90 YEARS AGO: 1931
    Fairland High school students presented “My Spanish Sweetheart,” an operetta. Mrs. Claudia Force, music teacher, directed the production. Seventy boys and girls were in the cast.

    100 YEARS AGO: 1921
    Two young Kokomo couples were arrested while passing through Shelbyville. They were reportedly on their way to Louisville to be married. The two girls had visited Dr. O.L. Adams in the Alhambra building asking for gasoline. Dr. Adams later realized they were accompanied by two young men, at which point he notified police.

    Shelbyville City Council awarded contracts for street sign brackets to be made at the foundry.

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    Lela Mae Kimery (Guffin) Ewing, age 94, of Lakewood Ranch, Florida, passed away on February 10, 2021 in Venice, Florida. She was born in Greenwood, Indiana on October 12, 1926 to Ralph D. and Clara Agnes (Zartman) Kimery. Lela graduated from Morristown High School in 1944. She married Rolland D. Guffin on July 20, 1946 in Gwynneville, Indiana and after his passing in 1991 married Lawrence Ewing on December 28, 1998 in Palm City, Florida.

    Lela was a homemaker, former Sunday School teacher and a member of Gwynneville Christian Church.

    She is survived by her three sons, Carl and Dottie Guffin of Punta Gorda, Florida, Robert Guffin of Clermont, Florida, Marvin and Pam Guffin of New Palestine, Indiana; and one daughter, Patricia Hauk of Plainview, Texas: brothers, Don Kimery of Cox Creek, Kentucky, Dick Kimery of Shelbyville, Indiana; sisters, Pat Fisher of Junction City, Kansas, Reba Keaton of Morristown, Indiana, Elsie and husband Jerry Martin of Indianapolis, Indiana, Sue Scott of Indianapolis, Indiana; nine grandchildren and 16 great-grandchildren. Lela was preceded in death by her first husband, Rolland Guffin and second husband, Lawrence Ewing; two brothers, Jim and Ray Kimery and three sisters, Avon Huhnke, Mary Tracy and Erma Potter: brother-in-laws Joe Potter, Bob Keaton, and Clancy Fisher; sister-in-laws Barbara Kimery and Treva Kimery.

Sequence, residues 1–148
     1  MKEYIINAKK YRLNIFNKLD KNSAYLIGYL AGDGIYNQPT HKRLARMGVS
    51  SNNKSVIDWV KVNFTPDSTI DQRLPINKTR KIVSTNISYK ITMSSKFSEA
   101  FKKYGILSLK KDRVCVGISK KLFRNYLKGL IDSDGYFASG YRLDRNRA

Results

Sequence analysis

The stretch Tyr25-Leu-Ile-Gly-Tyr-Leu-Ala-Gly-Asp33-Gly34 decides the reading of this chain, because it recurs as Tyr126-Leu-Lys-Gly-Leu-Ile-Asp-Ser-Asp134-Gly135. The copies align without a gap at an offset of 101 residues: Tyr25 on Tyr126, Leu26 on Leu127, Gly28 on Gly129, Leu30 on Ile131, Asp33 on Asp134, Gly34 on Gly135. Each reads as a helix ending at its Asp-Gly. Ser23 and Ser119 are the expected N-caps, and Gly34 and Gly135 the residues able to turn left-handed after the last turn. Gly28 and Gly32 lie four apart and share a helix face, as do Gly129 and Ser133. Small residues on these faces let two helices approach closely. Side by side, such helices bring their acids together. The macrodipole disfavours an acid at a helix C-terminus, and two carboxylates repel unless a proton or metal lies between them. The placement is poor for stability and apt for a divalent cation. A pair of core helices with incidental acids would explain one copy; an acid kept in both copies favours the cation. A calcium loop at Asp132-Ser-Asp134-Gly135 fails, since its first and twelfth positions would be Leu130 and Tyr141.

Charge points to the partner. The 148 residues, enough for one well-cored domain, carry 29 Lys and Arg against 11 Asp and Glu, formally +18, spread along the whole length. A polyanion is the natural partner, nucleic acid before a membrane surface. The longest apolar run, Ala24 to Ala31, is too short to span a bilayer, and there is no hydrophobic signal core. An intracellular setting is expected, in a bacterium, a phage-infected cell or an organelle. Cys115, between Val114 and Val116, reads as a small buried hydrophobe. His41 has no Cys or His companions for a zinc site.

A funeral service will be held on Wednesday, February 17, 2021 at 11:30 a.m. at Erlewein Mortuary & Crematory, 1484 W. US Hwy. 40, Greenfield, IN 46140 with viewing from 9:00-11:00 AM prior to the service. Pastor Ted Hagel will be officiating. Burial will follow at Hanover Cemetery, Morristown, Indiana. As a reminder, the government mandate requires guests to wear masks when inside the building. We must also limit the number of guests in the building according to the state policy and please practice social distancing. The family invites you to watch a livestream of Lela’s funeral service here:

    In lieu of flowers, memorial contributions may be made by mail to the Gwynneville Christian Church, P.O. Box 130, Gwynneville, Indiana 46144. Friends may share a memory or condolence at

    Paul V. Adams, 86, of North Vernon, passed away Friday, February 12, 2021 at Our Hospice of South Central Indiana, Columbus. He was born December 21, 1934 in Shelbyville to Ernest Adams and Opal (Herndon) Adams.

    Paul attended Shelbyville High School. He enjoyed being outdoors, especially fishing and golfing. He loved to travel. His most precious times were spent with his family. Paul was employed at Allied Signal as a general laborer working on airplane air compressors.

    He married Violet Jean (Lousch) Adams in June of 2011 and she survives. Paul is survived by his sons, Richard Adams of Bullhead City, AZ, William Adams of Indianapolis, his daughter, Cindy Walls of Martinsville, his son, Brian Adams of Los Angeles, CA, five grandchildren, and one great-grandchild. He was preceded in death by 18 brothers and sisters.

    Visitation will be from 10 a.m. to Noon, Friday, February 19, 2021 at Murphy-Parks Funeral Service, 703 S. Harrison Street, Shelbyville, IN 46176. Funeral services will follow at Noon at the funeral home with Pastor Edwin Mohr officiating. Burial will be in Forest Hill Cemetery. Funeral directors Greg Parks, Sheila Parks, and Stuart Parks are honored to serve Paul’s family. Online condolences may be shared at